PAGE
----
Thanks for the feedback! Robotic Process Automation or RPA is a common name for GUI-level automation but it can be confusing, that's why we more and more often try to refer to what we do as 'software robots' or 'software bots'


It is a known industry term, but it still annoys me. If you can't tap it with a spanner it shouldn't be a robot. (Not moaning at the OP, though)


Useful feedback. Thank you!


Looks fantastic!

I can't find any demo videos on your website that would make it clearer how it actually works, though.


Hey, we host demo videos on our youtube channel https://www.youtube.com/channel/UC014owEr9E1tRVJJKJ3wXdA

Also, check out this recent case of using ElectroNeek to automate accounting data transfer into SaaS tool https://www.youtube.com/watch?v=z5YXsWSGaRM


By the way, you can create a free trial account always and test our solution on your computer!


Super cool to see how much talking to customers has informed your product decisions. Identifying tasks to automate sounds like a hard problem, but I'd imagine it's a huge advantage when making sales. Good luck!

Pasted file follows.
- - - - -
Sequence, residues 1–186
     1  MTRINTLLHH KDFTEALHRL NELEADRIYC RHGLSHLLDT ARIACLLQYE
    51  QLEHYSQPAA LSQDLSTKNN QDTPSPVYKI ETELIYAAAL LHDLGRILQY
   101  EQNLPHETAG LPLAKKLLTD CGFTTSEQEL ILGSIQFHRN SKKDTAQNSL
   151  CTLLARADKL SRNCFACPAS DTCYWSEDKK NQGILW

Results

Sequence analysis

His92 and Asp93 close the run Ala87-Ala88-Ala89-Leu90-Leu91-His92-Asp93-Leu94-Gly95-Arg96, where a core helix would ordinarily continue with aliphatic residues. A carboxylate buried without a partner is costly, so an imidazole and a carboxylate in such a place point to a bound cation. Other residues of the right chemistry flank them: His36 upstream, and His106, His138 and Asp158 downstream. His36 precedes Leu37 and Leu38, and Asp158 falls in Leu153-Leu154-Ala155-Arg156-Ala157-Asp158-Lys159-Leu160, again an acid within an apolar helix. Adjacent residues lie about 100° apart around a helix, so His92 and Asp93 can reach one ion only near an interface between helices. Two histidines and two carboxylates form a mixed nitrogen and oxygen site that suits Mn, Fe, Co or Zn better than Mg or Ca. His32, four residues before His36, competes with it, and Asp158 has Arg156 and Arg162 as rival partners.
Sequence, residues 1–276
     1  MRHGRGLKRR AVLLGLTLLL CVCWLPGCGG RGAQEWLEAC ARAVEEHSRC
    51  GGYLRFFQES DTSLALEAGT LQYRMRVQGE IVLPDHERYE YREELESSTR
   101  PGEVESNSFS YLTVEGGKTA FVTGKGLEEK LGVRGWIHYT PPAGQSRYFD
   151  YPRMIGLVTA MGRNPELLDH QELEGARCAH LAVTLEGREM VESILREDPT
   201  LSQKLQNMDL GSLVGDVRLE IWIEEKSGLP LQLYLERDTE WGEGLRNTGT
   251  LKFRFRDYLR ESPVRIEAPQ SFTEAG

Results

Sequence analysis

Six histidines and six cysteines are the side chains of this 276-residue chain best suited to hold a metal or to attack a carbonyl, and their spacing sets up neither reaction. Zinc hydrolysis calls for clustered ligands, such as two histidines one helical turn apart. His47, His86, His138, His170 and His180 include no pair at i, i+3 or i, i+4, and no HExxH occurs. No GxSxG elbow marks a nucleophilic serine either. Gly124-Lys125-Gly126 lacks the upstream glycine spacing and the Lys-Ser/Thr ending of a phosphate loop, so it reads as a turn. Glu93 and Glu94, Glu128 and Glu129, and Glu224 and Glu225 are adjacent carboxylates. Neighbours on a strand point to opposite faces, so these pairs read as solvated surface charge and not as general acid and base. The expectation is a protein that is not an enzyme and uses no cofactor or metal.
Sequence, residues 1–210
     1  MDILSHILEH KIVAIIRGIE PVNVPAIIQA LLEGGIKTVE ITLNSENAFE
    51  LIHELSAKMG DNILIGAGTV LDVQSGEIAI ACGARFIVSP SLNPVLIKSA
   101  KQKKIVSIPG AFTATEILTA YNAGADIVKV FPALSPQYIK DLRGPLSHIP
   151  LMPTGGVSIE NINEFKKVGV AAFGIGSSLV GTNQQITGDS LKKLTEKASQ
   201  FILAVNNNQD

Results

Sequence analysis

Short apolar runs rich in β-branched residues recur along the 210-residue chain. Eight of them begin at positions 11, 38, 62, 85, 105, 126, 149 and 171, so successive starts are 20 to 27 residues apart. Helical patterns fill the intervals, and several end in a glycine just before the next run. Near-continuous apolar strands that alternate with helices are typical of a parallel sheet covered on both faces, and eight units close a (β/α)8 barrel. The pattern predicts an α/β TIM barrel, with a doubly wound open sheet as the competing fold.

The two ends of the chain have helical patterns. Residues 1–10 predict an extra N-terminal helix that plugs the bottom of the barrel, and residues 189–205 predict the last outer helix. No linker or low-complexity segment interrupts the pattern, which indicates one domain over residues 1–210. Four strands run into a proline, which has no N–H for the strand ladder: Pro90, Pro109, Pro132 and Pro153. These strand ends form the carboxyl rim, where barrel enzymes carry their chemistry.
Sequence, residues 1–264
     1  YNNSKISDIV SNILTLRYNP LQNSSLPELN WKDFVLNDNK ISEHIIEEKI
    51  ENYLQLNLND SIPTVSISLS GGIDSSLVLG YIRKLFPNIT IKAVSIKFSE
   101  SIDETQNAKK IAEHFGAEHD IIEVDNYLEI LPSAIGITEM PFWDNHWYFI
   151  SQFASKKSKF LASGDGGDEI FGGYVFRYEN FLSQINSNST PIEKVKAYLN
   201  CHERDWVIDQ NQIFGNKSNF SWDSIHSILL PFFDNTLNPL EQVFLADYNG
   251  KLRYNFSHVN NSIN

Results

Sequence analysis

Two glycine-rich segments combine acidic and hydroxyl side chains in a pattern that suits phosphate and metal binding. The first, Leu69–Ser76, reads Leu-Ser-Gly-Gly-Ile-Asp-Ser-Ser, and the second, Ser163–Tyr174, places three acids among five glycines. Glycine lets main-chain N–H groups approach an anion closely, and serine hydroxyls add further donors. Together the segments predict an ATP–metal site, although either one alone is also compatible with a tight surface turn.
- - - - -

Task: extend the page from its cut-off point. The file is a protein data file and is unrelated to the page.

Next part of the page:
Thank you, James! Yes, finding processes out of the box helps a lot to open the doors that otherwise stay closed


Interesting that you use a lot of the same terminology as UiPath. Orchestrator, Robot, Studio. Even the same OCR libraries.

What's that about? Just the right words for the right concepts?


Yes, these terms actually root in pre-UiPath era and now become the industry standard. OCR libraries are not specific to RPA (e.g. Microsoft OCR,Google OCR, Tesseract, Abbyy) but, again, are pretty much the standard, what we do differently from other RPA vendors is providing users with the ability to visually map scanned template data to variables so it can be done with no code, using only mouse (in line with our focus on simplicity for the developer, works really well for cases when you deal with limited set of templates.


Thanks for the clarification!


You are welcome!


Here is a commercial competitor based on the Kapow web crawler and robot technologies:

https://www.kofax.com/Products/rpa/overview


Reminds me of AutoHotKey which I used to automate some work for a warehouse a while ago


Yep, it's a right way to think about this as of AutoHotKey on a lot of steroids:)


So LinkedIn has a lot of anti-scraping points in their terms of use. How are you dealing with that?


Where is the tracking data going? Your cloud or theirs? Where are you training the AI's?